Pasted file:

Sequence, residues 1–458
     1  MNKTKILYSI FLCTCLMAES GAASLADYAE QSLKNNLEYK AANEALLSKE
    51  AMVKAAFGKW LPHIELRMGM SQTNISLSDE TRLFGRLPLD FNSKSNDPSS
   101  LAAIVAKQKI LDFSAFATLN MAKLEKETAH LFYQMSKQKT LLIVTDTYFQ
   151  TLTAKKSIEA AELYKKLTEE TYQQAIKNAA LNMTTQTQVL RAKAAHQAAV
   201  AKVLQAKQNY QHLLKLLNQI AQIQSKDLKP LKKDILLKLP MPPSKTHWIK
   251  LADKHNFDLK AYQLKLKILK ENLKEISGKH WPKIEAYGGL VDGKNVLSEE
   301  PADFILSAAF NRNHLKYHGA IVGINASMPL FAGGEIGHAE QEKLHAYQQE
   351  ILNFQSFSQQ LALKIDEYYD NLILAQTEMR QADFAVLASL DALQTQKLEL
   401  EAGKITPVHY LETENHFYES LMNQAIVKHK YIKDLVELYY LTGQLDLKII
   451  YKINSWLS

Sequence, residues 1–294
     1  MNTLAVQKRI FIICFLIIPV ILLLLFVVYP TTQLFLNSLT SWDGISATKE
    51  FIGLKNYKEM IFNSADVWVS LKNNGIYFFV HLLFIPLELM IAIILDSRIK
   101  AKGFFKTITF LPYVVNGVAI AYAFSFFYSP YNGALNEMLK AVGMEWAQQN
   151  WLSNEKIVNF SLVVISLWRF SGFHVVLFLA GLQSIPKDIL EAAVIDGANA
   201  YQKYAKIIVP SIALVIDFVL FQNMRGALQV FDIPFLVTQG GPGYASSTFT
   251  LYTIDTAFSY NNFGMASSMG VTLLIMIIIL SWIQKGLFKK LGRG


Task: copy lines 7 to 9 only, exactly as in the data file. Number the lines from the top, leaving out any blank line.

   251  LADKHNFDLK AYQLKLKILK ENLKEISGKH WPKIEAYGGL VDGKNVLSEE
   301  PADFILSAAF NRNHLKYHGA IVGINASMPL FAGGEIGHAE QEKLHAYQQE
   351  ILNFQSFSQQ LALKIDEYYD NLILAQTEMR QADFAVLASL DALQTQKLEL